After 3 years, drugmakers are tired of Brexit—but they're ready for it

Illustration of British and EU flags symbolizing Brexit
Having missed two deadlines, the government of the new U.K. Prime Minister Boris Johnson has set Oct. 31 as the date for Brexit. (Foto-Rabe/Pixabay)

Pinder Sahota has a list, and he is checking it twice. As the U.K. lurches toward Brexit, the Novo Nordisk scientist has become a logistics expert to ensure there is no break in the insulin supply chain when the separation finally happens. 

The company has tripled its warehouse capacity and stuffed it with 3.8 million packs of insulin, enough to last more than four months. New routes have been plotted to avoid the ports and crossings expected to be the most congested, Sahota explained to Reuters. 

The world’s largest insulin maker has tried to anticipate anything that might go wrong but hopes that it won’t. 

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RELATED: Ahead of Brexit, U.K.'s top insulin provider Novo Nordisk plans to double its stockpile

“We’re preparing for the worst-case scenario, the most extreme,” Sahota, Novo’s general manager in the U.K., told the news service.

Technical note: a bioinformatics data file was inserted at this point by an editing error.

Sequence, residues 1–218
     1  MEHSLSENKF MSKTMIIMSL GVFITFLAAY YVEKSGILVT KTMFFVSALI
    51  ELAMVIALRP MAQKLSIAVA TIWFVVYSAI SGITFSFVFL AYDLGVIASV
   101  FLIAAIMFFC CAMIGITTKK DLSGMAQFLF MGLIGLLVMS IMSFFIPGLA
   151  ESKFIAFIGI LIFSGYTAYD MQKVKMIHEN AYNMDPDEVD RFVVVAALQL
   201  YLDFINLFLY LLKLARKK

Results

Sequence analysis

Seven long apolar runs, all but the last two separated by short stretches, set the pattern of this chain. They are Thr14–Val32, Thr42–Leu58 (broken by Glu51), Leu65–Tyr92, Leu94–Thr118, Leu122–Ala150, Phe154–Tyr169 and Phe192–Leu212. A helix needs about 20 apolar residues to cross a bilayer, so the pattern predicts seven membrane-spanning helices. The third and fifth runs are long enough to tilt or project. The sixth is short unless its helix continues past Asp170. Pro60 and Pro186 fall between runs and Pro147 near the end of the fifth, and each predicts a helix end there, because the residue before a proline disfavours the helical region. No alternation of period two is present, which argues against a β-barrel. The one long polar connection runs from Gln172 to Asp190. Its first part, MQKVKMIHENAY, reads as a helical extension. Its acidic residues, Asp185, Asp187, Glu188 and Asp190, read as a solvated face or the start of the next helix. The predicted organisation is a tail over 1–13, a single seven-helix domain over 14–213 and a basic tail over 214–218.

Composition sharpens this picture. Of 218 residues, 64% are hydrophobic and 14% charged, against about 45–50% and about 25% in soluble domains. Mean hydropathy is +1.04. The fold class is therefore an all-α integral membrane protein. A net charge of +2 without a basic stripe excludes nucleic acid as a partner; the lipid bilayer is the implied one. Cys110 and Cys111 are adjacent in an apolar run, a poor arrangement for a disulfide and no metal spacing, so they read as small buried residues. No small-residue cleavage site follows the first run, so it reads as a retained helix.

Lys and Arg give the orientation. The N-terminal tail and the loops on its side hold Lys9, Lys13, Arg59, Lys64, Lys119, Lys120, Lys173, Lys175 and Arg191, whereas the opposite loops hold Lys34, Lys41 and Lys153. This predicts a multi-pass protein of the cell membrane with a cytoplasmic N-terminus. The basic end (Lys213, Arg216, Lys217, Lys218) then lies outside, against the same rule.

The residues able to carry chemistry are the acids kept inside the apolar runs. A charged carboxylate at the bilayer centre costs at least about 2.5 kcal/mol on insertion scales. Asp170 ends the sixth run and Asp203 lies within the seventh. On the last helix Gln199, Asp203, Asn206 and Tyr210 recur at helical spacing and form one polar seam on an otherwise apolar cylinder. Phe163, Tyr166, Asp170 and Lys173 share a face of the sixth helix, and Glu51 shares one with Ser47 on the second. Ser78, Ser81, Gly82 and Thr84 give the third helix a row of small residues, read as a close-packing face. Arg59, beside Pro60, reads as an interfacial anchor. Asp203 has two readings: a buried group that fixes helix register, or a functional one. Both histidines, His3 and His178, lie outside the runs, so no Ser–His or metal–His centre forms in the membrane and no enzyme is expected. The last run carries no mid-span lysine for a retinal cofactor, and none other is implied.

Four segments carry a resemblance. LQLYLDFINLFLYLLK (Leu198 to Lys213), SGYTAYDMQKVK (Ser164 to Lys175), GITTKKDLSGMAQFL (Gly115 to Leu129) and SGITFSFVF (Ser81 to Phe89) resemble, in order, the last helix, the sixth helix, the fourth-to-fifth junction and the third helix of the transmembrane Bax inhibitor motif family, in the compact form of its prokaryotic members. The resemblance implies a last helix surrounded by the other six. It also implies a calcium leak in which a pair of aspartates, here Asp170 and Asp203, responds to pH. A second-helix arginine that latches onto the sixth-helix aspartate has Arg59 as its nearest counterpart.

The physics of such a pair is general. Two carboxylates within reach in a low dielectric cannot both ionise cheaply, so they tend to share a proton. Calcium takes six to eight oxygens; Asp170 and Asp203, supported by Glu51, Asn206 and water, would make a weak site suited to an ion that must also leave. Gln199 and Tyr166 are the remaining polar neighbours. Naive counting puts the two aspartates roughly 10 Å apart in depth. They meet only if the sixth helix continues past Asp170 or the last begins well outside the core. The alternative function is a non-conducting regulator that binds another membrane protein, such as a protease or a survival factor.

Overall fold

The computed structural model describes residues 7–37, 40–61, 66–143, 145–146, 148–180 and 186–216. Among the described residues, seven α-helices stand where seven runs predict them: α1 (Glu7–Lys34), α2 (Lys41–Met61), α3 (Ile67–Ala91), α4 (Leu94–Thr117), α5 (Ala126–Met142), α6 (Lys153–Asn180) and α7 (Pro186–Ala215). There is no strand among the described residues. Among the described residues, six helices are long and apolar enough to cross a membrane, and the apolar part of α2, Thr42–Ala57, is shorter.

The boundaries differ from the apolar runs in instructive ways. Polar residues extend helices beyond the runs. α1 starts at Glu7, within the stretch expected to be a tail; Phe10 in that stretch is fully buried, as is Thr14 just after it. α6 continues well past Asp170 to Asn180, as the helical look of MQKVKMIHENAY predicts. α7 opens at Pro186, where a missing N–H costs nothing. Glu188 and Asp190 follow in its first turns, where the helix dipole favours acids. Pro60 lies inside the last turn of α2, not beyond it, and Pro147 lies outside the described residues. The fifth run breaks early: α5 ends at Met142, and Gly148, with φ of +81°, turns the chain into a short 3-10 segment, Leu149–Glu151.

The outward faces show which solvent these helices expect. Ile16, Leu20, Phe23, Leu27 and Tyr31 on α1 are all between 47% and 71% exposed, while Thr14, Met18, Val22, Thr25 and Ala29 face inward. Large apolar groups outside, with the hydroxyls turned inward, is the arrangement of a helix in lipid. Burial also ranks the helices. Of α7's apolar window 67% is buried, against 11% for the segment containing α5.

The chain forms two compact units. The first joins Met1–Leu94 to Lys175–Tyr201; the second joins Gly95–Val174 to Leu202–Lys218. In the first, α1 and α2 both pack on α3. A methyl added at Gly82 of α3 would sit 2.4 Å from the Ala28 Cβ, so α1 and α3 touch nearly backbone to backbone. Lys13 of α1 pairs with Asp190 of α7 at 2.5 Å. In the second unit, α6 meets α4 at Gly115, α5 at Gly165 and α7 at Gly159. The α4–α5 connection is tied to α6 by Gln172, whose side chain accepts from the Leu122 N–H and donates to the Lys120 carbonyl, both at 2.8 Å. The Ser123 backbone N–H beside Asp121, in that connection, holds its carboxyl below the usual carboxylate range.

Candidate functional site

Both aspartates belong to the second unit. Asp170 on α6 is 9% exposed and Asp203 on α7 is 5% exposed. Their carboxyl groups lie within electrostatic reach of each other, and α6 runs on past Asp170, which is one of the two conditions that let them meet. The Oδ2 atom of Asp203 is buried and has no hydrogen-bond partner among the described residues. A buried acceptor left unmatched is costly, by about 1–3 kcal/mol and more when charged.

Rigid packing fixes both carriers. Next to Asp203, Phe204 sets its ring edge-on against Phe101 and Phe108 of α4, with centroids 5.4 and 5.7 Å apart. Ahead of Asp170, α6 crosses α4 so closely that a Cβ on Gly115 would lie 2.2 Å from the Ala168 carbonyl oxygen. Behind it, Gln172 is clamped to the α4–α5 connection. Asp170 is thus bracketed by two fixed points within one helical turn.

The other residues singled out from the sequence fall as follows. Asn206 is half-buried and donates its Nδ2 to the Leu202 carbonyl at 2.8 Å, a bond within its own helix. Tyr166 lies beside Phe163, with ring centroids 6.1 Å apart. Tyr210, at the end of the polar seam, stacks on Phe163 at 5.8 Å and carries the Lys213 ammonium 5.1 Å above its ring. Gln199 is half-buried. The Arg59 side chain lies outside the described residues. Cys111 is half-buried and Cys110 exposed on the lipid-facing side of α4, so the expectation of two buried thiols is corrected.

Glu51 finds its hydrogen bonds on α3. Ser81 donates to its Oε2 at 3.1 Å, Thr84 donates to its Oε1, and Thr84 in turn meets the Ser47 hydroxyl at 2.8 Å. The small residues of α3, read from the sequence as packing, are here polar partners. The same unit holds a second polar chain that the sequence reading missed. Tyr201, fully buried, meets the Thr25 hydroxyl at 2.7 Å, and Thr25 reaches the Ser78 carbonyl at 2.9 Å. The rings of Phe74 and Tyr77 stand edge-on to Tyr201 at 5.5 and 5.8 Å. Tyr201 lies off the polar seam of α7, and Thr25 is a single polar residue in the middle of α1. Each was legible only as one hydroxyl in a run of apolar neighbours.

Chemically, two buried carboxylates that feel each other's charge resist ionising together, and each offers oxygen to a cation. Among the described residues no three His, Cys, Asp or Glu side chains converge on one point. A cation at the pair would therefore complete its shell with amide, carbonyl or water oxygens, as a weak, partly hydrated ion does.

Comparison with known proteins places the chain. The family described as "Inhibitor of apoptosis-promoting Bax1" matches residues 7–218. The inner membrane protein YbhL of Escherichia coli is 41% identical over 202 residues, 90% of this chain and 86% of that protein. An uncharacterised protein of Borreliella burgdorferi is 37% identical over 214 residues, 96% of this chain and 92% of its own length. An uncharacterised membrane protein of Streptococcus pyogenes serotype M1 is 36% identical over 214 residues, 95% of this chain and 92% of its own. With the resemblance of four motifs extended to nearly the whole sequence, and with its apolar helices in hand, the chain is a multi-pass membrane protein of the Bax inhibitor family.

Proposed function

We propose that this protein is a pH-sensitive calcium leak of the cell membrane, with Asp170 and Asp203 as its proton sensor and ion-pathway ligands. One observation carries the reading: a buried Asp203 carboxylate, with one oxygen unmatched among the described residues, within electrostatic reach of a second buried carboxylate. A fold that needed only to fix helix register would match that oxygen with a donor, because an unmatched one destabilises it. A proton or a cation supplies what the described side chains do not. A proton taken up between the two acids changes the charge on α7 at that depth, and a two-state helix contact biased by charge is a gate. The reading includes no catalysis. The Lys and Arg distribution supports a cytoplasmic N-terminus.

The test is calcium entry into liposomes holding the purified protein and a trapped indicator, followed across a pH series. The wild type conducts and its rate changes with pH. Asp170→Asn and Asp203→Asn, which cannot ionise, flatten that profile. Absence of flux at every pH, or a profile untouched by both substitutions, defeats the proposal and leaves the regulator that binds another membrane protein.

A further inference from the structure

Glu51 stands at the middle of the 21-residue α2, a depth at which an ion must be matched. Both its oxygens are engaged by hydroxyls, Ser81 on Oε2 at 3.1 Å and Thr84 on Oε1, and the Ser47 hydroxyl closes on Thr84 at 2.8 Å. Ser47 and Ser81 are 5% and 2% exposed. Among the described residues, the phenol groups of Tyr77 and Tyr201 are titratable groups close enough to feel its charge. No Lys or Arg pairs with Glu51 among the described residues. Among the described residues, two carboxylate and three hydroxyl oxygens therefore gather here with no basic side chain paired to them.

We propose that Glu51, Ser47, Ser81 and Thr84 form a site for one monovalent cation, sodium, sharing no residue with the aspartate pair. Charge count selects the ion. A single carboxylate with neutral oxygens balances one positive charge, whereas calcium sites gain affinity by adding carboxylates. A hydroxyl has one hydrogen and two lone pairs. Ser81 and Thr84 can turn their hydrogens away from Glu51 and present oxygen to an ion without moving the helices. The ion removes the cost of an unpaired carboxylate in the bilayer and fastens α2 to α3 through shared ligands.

Britain has already missed two deadlines for giving up its European credentials, buying more time to work out details. New Prime Minister Boris Johnson, however, is focused on having it happen Oct. 31 whether separation protocols have been hammered out or not.

Pharma products like insulin and vaccines that require temperature control and can come with short shelf lives pose the biggest challenges for drugmakers and patients, but the preparations have played out throughout the industry. They are born of necessity and backed by requirements from regulators that know there will be issues moving millions of doses of medicines in both directions. 

RELATED: As Brexit costs mount, Pfizer estimates $100M to adapt its supply chain

Sanofi executive Hugo Fry tells Reuters that the drugmaker has created layers of contingencies.

“In the case of pharmaceuticals, you can’t just throw things onto a boat or a lorry, you have to test and validate these routes into the country,” Fry said. 

Drugmakers have scrambled for warehouse space and plotted the best routes. CDMOs and drug testing companies have set up new facilities either in the U.K. or in Europe to help clients meet regulations and supply demands on both sides of the coming divide. It has been a costly undertaking that is absolutely necessary but which only sucks time and tens of millions of dollars away from what they consider their missions. 

“Although we are happy to do it, it is starting to weigh on our balance sheet, on our logistics, keeping all this additional stock in the country,” Fry tells the news service. “It’s not an ideal situation.”

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